Difference between a @staticmethod and a @classmethod

@staticmethod

A @staticmethod can only be called from a class or an instance, but does not take a class or instance as its first argument.
So a @staticmethod is a helper function that is specific enough that it should belong to the class, but does not need access to the class or object.

@classmethod

A @classmethod can be called from a class or an instance and takes the class as its first argument.
You most commonly use a @classmethod to provide an alternative method of object construction (a Factory Method).

Why “using namespace std” is a bad idea

It’s not a good idea to have a statement like this in your code:

using namespace std; // or any other namespace for that matter

The problem is that when you bring in whole namespaces, there is a chance that you will bring in the same name from multiple namespaces.
If you don’t then qualify names when you use them because you don’t have to, there is a danger that they will collide.
This can mean that either:

  • The code doesn’t compile
  • Or worse, it does compile (because the function arguments and return type are coincidentally compatible), but has unpredictable results

Copy and swap idiom

The copy and swap idiom is a way of implementing the copy assignment operator in terms of the copy constructor.

  • Avoids code duplication
  • Provides a strong exception safety guarantee
  1. Create a temporary copy of the other with the copy constructor
  2. This happens implicitly because it is taken by value
  3. Swap its guts with this
  4. return *this
  5. The other is destroyed when it goes out of scope
T& T::operator=(T other)
{
    /* Swap the guts of other with this */
    return *this;
}

Creating a directory and its parents in Python

You can use the os.makedirs() function to create a new directory and any intermediate directories in its path that don’t exist:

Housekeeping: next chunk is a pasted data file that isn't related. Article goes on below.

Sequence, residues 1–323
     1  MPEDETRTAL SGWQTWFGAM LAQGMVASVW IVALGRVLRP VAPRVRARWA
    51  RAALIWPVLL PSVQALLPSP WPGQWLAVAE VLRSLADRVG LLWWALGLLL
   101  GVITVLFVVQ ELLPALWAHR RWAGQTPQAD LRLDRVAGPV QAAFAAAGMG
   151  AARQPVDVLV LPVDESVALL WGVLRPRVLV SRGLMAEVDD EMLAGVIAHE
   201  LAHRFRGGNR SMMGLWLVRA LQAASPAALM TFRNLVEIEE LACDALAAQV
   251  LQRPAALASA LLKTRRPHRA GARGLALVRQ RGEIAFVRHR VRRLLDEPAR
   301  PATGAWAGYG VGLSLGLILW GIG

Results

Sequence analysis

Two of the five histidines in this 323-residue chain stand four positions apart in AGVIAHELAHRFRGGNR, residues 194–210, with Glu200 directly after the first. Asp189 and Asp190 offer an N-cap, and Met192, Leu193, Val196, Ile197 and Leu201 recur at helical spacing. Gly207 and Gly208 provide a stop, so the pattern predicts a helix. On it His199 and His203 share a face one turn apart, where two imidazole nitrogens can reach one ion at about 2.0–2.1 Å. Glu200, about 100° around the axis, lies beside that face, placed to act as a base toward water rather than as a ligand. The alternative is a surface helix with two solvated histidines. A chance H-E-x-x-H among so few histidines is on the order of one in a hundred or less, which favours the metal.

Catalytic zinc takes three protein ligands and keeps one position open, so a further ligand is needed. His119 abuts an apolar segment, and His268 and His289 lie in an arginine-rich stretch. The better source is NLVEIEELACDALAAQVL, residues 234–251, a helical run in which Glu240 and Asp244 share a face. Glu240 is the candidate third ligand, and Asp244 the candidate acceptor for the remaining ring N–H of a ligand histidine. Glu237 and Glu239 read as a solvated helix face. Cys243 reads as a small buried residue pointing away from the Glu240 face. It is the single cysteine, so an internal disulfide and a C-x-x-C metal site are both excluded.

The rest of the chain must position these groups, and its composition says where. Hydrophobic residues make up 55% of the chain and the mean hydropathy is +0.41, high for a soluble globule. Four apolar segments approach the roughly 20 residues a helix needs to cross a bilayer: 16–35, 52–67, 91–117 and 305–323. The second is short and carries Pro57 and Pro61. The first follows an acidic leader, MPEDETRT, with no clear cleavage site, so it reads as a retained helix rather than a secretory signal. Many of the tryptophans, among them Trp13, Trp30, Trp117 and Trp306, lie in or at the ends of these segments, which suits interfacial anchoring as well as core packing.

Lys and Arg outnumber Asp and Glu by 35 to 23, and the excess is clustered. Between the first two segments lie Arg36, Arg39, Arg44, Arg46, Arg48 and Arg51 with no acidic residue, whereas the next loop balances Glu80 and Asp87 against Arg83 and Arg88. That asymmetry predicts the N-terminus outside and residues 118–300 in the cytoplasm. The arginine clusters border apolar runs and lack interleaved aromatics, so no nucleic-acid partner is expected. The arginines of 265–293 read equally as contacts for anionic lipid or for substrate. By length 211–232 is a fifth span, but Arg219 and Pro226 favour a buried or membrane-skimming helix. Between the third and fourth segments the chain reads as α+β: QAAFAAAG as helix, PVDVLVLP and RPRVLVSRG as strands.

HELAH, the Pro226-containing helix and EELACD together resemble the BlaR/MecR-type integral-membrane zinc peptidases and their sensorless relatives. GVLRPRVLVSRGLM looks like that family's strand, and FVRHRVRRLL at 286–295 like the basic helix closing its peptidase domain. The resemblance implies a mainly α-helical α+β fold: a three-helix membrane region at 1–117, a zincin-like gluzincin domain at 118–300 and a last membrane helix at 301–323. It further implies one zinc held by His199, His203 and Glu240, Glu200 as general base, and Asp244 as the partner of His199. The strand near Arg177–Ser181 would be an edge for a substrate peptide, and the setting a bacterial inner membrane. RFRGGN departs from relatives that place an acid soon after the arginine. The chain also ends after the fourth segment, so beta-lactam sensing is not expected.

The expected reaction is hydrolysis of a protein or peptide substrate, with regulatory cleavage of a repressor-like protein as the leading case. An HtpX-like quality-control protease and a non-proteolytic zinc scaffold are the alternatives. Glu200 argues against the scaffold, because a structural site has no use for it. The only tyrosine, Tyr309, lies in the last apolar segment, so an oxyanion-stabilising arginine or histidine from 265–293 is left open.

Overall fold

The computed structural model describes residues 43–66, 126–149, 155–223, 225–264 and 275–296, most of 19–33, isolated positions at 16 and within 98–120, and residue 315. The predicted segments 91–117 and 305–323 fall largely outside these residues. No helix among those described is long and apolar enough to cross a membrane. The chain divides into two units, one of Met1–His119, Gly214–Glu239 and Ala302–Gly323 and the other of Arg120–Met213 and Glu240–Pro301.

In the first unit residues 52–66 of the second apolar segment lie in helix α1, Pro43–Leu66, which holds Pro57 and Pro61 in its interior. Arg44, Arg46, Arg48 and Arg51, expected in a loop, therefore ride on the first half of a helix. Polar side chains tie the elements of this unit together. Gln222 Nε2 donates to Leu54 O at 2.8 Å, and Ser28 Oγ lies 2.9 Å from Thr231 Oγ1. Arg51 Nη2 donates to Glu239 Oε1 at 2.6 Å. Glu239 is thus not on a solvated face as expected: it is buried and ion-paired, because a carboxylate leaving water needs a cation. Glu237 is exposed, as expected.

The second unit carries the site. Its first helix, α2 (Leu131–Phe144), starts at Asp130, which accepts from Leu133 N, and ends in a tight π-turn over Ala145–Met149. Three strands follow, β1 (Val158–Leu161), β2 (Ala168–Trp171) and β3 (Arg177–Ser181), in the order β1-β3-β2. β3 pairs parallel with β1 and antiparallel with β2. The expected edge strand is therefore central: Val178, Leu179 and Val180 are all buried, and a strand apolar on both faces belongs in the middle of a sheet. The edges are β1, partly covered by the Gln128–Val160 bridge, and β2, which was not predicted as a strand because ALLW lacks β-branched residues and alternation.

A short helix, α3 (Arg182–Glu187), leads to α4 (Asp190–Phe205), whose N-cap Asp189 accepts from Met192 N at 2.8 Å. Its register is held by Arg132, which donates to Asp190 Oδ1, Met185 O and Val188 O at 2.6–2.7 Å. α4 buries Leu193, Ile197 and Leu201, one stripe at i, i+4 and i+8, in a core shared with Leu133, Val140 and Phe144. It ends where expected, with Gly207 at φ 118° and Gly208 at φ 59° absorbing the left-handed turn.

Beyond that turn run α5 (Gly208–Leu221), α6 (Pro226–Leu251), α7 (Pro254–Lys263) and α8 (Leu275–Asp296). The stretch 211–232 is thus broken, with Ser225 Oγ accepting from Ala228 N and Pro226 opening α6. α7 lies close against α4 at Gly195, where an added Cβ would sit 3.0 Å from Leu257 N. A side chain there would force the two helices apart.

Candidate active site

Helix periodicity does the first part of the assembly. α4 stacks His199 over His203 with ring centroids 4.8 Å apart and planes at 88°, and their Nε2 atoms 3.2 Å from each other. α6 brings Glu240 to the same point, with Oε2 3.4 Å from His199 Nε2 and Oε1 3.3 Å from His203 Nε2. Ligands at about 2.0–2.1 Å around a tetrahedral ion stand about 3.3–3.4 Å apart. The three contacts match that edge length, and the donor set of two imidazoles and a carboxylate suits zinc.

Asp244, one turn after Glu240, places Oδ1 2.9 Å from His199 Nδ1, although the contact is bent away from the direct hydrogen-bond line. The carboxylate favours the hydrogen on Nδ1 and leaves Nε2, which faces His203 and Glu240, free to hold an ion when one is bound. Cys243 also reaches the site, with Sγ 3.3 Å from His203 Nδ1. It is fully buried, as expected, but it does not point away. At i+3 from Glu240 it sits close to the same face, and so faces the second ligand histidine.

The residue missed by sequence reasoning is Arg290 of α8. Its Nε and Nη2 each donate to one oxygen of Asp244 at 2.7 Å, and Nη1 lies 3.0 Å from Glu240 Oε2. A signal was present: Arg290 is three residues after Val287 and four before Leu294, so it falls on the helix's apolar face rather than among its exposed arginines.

import os
path = '/tmp/spam/eggs/ham'
os.makedirs(path)
if os.path.isdir(path):
    print 'Directory created'

The reverse operation of deleting a directory and all its subdirectories can be performed with shutil.rmtree():

import shutil
shutil.rmtree('/tmp/spam/')

Getting and setting Individual bits in a number

Set a bit

Use the bitwise OR operator (|) to set a bit (to 1).

void SetBit(unsigned char* number, unsigned int bit)
{
    *number |= 1 << bit;
}

Clear a bit

Use the bitwise AND operator (&) to clear a bit (set if to 0).
You need to invert the bit string with the bitwise NOT operator (~), then AND it.

void ClearBit(unsigned char *number, unsigned int bit)
{
    *number &= ~(1 << bit);
}

Toggle a bit

The XOR operator (^) can be used to toggle a bit.

void ToggleBit(unsigned char* number, unsigned int bit)
{
    *number ^= 1 << bit;
}

Check a bit

To check a bit, shift the number bit times to the right, then bitwise AND it.

bool CheckBit(const unsigned char *number, unsigned int bit)
{
    unsigned char temp = *number;
    return (temp >> bit) & 1;
}

Change the nth bit

The following will change the specified bit to the specified value.

void ChangeBit(unsigned char *number, unsigned int bit, bool value)
{
    *number ^= (-value ^ *number) & (1 << bit);
}

Modifying global variables in Python

You need to declare a global variable with global before you can modify it. Otherwise, you will just be creating a local variable with the same name.

x = 0

def main():
    f1(1)
    print x # prints 0
    f2(2)
    print x # prints 2

def f1(number):
    x = number

def f2(number):
    global x
    x = number

if __name__ == '__main__':
    main()

The C++ Rule of Three

The “Rule of Three” states that if you need to define one of assignment operator, copy constructor, or destructor then you probably need to define all three.
This is because defining any one implies that your class has state to manage, and if it does this needs to be considered in the other two cases.

You can prevent the managed state from being copied by making the assignment operator and copy constructor private. This makes the class non-copyable.
This can also be implemented by inheriting the class from boost::noncopyable.

If the primary purpose of your class is not resource management, you can avoid implementing any of the Rule of Three methods by wrapping the resources in classes that are designed for resource management, i.e., smart pointers like boost::shared_ptr.